A jury has found white former police officer Derek Chauvin guilty on all three charges in the murder of Black man George Floyd last year.
The 12 members of the jury found former police officer Derek Chauvin guilty of the murder of George Floyd on Tuesday in a Minneapolis courthouse.
The jury declared Chauvin guilty on all three charges, namely second-degree unintentional murder, third-degree murder and second-degree manslaughter. The charges carry a possible sentence of up to 40 years in prison.
The jurors deliberated for 10 hours over two days before arriving at their historic decision on Tuesday morning. The verdict was read out later in the day as thousands of National Guard troops and police officers stood by. Police officers in the US have rarely been convicted of murder.
People across the US waited anxiously for the result of the trial with many seeing the entire justice system hanging in the balance
Chauvin, a 45-year-old white man, was found guilty of killing Floyd, a 46-year-old Black man, after kneeling on his neck for 9 ½ minutes in May last year. Floyd's death sparked outrage and protests against police violence and racial discrimination across the US and the world.
Following the verdict, the judge revoked Chauvin's bail and he was led out of the courtroom in handcuffs.
People had gathered to wait for the news of the verdict outside the court as well as at the intersection where Floyd was murdered — now named George Floyd Square. The crowds erupted in cheers and chants of "George Floyd" and "all three counts" after the conviction was announced.
"Justice for Black America is justice for all of America," the Floyd family's attorney Benjamin Crump said in a statement.
"This case is a turning point in American history for accountability of law enforcement and sends a clear message we hope is heard clearly in every city and every state."
Crump also shared a video of Floyd's family receiving a call from US President Joe Biden. The president told the family that "nothing is going to make it all better, but at least there is some justice."
Vice President Kamala Harris, who is of Black and Indian origin, hailed a "day of justice in America."
"History will look back at this moment," she told Floyd's relatives.
Judge Peter Cahill said Chauvin was placed in the custody of the Hennepin County Sheriff. Sentencing will take place at a later date.
Three other officers who have been charged with aiding and abetting in Floyd's murder will go on trial in August.
President Biden held a press conference to speak on the verdict. "Today's verdict is a step forward" and it can be "a giant step forwards toward justice in America," he said.
At the same time, he warned that the verdict was "not enough."
National Guard and law enforcement were brought in to protect the Hennepin County courthouse where the final verdict was read out
"We are going to deliver real change and reform. We can and must do more to reduce the likelihood that tragedies like this will ever happen again," the president said.
He acknowledged that for many such convictions are "too rare" and in this case, the conviction only happened due to an array of overwhelming factors. Biden and Vice President Harris urged Congress to move quickly on police reform, including a bill named after Floyd.
"'I can't breathe.' Those were George Floyd's last words," Biden said. "We can't let those words die with him. We have to keep hearing those words. We must not turn away. We can't turn away."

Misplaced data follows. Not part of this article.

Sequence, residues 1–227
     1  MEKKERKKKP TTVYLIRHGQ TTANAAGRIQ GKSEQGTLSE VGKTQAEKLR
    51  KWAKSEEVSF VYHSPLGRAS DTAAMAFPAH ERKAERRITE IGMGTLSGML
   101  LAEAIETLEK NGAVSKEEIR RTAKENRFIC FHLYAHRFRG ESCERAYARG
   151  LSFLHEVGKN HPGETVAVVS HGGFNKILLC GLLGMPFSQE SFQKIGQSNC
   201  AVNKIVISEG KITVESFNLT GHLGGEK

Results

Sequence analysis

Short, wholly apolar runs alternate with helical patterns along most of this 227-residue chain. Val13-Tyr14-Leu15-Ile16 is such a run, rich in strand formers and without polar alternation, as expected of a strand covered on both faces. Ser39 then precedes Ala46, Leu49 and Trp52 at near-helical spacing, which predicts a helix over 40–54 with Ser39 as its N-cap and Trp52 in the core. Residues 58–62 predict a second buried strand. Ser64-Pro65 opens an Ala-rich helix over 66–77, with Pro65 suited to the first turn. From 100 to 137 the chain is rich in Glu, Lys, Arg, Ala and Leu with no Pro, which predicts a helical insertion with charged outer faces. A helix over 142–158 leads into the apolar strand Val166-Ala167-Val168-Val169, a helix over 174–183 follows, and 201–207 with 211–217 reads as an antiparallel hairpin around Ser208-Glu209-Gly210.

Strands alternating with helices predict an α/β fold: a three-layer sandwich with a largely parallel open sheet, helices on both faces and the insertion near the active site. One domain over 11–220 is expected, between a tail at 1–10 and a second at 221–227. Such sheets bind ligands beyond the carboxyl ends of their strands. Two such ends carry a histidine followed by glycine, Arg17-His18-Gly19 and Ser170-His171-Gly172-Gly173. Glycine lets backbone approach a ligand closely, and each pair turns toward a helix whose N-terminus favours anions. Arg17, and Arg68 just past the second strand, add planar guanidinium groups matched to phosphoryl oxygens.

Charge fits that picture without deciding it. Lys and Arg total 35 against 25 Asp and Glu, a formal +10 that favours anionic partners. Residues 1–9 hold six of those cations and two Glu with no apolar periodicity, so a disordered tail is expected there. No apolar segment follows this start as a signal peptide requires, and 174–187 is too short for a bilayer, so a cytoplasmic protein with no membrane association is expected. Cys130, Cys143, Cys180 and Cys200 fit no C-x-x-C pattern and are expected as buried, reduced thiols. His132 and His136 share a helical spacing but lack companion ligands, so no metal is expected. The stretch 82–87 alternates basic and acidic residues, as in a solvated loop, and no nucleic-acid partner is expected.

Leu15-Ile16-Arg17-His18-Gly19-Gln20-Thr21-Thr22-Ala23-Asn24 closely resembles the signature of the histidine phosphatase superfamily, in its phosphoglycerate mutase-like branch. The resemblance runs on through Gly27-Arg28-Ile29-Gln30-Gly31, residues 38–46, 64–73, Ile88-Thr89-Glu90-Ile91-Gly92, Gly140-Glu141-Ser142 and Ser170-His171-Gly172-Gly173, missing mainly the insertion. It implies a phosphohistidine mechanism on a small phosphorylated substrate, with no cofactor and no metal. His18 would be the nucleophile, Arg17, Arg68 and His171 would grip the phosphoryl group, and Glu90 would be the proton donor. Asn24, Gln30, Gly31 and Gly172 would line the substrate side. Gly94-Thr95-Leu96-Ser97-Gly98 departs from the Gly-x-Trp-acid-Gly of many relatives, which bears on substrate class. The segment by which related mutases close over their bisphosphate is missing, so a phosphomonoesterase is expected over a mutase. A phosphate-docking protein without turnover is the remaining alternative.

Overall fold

He called for local law enforcement and the federal government to "step up" to end police murders so that people do not have to fear for their lives every day.
US Congresswoman Alexandria Ocasio-Cortez, known for her liberal views, warned the verdict only came after Floyd's murder was filmed and protests broke out across the US and the world.
"And this verdict is not a substitute for policy change," she said.
Former President Barack Obama welcomed the news and called the decision correct, but highlighted the importance of further progress in racial justice and equality.
In a statement, he said that "Black Americans are being treated differently every day" and that many live in fear of encounters with law enforcement.
The former Democrat president called for further steps to be taken following the verdict, not just to reduce racial biases in the criminal justice system, but also to tackle the lack of economic opportunities in marginalized communities.
Senator Tim Scott from South Carolina, the only Black Republican in the chamber, also expressed relief after the jury announced their decision, saying it showed that "our justice system continues to become more just."
His fellow Republican Senator Joni Ernst of Iowa had a less enthusiastic response, saying: "I guess I'm in agreement" with the verdict.
"Today, for the first time in state history, a white police officer has been held accountable for killing a Black man," John Gordon, executive director of the Minnesota branch of the American Civil Liberties Union (ACLU), said.
The situation in Minneapolis was tense as people awaited the jury's decision. Some businesses had been boarded up as people feared a repeat of scenes from last year when protests erupted after a witness released a video of Chauvin killing Floyd.
Protesters had gathered in the nearby town of Brooklyn Center last week after a white police officer shot and killed 20-year-old Black man Daunte Wright. The officer in that incident was arrested after she resigned from the force.
Further protests broke out across the country just days after the killing of Wright when police released footage of another police officer shooting a 13-year-old Black boy dead in Chicago.
ab/nm (dpa, AP)